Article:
We believe that consumers today have more power than ever to shape industries to better serve their needs, and we are embarking on this journey to better harness that power and partner with consumers to create a fairer and more transparent marketplace.
Yonkers, NY (PRWEB) September 20, 2016
Consumer Reports, the world’s largest and most trusted nonprofit consumer organization, today revealed the new face of its transformation to better serve the interests and raise the voices of consumers. Initial changes, now reflected on the organization’s digital platforms and in the iconic Consumer Reports magazine’s November issue, introduce a modern visual identity and logo, a more intuitive ratings system designed for the digital age, and a new tagline: “Smarter choices for a better world.”
The new brand identity represents the change underway at Consumer Reports as the organization executes on its vision to create a marketplace that listens to, responds to, and prizes the voices of consumers by putting their needs first. While it will continue to provide the independent, rigorous testing, research, and insights that have served consumers, fueled market competitiveness, and strengthened citizen engagement for 80 years, the organization is now focused sharply on:
- Defining and driving a new era of consumer power and protection in the complex digital economy, harnessing technology and data for consumers’ benefit;
- Creating a powerful membership community that connects and engages consumers everywhere to champion transparency, knowledge, and fairness in both the products and services they purchase and in the marketplace broadly; and
- Addressing the most urgent threats and pain points faced by consumers today, such as data privacy and security, autonomous cars, health care costs, food safety, and transparency in financial markets.
“We believe that consumers today have more power than ever to shape industries to better serve their needs, and we are embarking on this journey to better harness that power and partner with consumers to create a fairer and more transparent marketplace,” said Marta Tellado, President and CEO of Consumer Reports. “We recognize that being a trusted partner requires us to be inventive, entrepreneurial, and fluent in the ways consumers engage with the world today, and our new brand identity and ratings system are just the beginning.”
Over the next year, consumers will start to see these changes come to life across every facet of Consumer Reports’ work as the organization begins to address consumers’ needs in new and dynamic ways. Today, consumers are inundated with free information and reviews that offer convenience but that can often be misleading or incomplete, making Consumer Reports’ unique leadership role as the unbiased expert in the marketplace more important than ever. Consumer Reports’ historic independence and scientific rigor is unwavering, and the organization will remain unconstrained by advertising or other external influences, as it has for the last 80 years.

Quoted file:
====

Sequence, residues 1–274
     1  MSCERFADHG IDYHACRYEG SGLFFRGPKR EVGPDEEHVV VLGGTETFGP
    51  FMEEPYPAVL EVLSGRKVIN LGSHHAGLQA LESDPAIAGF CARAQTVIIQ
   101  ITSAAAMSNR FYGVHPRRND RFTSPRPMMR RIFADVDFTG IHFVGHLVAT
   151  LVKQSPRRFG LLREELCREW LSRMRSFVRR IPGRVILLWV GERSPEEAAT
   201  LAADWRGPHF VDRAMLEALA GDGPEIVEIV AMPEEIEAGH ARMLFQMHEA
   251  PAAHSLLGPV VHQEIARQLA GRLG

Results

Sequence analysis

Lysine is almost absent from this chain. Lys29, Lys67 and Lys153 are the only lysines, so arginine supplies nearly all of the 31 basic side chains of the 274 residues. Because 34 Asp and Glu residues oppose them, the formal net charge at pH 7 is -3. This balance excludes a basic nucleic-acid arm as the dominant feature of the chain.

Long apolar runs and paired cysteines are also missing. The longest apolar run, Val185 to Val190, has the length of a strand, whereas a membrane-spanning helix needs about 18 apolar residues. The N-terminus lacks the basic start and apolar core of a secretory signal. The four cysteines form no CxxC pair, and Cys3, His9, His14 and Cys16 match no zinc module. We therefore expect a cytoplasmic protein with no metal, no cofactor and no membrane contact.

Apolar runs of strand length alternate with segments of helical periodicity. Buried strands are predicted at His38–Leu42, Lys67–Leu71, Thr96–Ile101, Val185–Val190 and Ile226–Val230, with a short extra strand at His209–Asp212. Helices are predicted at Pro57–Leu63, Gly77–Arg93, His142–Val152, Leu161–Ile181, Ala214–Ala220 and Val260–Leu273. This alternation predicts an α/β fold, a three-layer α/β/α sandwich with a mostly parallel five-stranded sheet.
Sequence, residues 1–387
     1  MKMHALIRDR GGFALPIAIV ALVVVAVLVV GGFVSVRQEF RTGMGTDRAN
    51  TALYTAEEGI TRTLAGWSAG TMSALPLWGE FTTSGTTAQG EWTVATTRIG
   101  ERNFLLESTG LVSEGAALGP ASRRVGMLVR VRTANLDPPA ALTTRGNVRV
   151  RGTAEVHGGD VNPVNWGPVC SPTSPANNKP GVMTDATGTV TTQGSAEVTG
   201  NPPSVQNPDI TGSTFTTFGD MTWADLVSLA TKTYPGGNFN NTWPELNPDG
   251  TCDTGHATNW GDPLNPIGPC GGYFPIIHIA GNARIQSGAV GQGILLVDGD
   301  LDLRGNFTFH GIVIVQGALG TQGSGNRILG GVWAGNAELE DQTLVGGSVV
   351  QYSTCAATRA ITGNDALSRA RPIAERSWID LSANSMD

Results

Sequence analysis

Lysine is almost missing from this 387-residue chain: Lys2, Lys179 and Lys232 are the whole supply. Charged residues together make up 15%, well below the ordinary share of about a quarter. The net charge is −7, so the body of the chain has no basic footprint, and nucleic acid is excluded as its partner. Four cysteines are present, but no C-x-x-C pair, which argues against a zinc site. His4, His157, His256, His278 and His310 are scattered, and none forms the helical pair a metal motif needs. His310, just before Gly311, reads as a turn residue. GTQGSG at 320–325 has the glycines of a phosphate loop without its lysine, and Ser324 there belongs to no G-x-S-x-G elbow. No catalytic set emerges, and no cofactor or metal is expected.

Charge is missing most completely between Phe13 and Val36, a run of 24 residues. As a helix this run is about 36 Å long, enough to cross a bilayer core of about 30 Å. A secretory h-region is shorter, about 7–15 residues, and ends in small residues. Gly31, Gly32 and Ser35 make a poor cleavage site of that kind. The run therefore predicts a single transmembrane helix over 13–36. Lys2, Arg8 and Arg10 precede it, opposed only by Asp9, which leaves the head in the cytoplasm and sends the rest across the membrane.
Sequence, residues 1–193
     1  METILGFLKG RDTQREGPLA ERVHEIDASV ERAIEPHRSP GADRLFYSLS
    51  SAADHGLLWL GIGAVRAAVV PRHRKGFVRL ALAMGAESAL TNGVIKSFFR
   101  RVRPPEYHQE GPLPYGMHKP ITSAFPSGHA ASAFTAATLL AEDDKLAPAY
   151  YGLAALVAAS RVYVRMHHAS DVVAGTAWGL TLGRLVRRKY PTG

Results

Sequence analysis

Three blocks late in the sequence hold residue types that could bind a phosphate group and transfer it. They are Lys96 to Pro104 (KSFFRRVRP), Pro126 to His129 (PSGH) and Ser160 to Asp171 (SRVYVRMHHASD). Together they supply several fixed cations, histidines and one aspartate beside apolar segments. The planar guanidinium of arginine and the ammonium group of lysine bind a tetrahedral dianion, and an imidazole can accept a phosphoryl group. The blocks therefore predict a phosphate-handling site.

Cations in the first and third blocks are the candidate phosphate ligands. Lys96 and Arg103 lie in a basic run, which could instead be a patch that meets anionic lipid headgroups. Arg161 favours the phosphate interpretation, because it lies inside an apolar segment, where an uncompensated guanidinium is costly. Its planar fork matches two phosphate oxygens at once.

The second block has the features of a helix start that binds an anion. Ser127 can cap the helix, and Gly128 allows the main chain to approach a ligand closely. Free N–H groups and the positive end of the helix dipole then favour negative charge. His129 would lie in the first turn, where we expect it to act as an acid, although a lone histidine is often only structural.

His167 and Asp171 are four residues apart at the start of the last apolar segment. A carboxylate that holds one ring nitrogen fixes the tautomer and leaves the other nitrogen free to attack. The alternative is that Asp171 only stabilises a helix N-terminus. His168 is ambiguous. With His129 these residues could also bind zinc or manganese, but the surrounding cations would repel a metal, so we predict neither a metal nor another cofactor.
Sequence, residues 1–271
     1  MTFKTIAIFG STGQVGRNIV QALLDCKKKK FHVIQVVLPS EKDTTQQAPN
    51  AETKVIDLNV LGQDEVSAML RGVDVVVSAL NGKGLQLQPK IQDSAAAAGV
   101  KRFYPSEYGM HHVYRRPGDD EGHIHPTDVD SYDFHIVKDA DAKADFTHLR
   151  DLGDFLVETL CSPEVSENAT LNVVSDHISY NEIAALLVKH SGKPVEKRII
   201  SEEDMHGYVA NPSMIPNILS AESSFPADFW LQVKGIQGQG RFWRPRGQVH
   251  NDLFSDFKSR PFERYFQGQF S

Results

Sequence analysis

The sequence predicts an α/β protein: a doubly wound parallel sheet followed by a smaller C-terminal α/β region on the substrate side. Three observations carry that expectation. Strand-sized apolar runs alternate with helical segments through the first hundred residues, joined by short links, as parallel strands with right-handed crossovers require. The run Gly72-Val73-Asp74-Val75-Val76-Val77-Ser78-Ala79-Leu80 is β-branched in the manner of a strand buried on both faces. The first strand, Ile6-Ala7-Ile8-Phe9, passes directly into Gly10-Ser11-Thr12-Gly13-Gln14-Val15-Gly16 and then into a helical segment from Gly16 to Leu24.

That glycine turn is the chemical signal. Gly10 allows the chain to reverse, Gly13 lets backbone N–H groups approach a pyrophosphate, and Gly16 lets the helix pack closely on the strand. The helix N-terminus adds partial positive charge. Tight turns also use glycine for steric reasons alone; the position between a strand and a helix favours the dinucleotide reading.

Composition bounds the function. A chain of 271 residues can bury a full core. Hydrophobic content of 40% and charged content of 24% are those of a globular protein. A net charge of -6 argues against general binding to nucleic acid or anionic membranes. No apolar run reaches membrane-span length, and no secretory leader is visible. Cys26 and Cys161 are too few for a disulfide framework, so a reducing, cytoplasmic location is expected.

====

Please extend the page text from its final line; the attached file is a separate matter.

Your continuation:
“Throughout our history, Consumer Reports has worked alongside consumers to achieve many hard-fought victories on product safety and quality — everything from spurring the earliest seat belt laws and championing food and water safety standards to fighting against predatory lending in the financial marketplace,” Tellado said. “To address the complex issues consumers face today, we will concentrate our efforts around the areas where consumers tell us they experience the most frustration and harm, and continue to evolve our organization to meet their needs.”
About Consumer Reports
Consumer Reports is the world’s largest and most trusted nonprofit consumer organization, working to improve the lives of consumers by driving marketplace change. Founded in 1936, Consumer Reports has achieved substantial gains for consumers on food and product safety, financial reform, health reform, and many other issues. The organization has advanced important policies to prohibit predatory lending practices, combat dangerous toxins in food, and cut hospital-acquired infections. Consumer Reports tests and rates thousands of products and services in its 50-plus labs, state-of-the-art auto test center, and consumer research center. It also works to enact pro-consumer laws and regulations in Washington, D.C., in statehouses, and in the marketplace. An independent nonprofit, Consumer Reports accepts no advertising, payment, or other support from the companies that create the products it evaluates.
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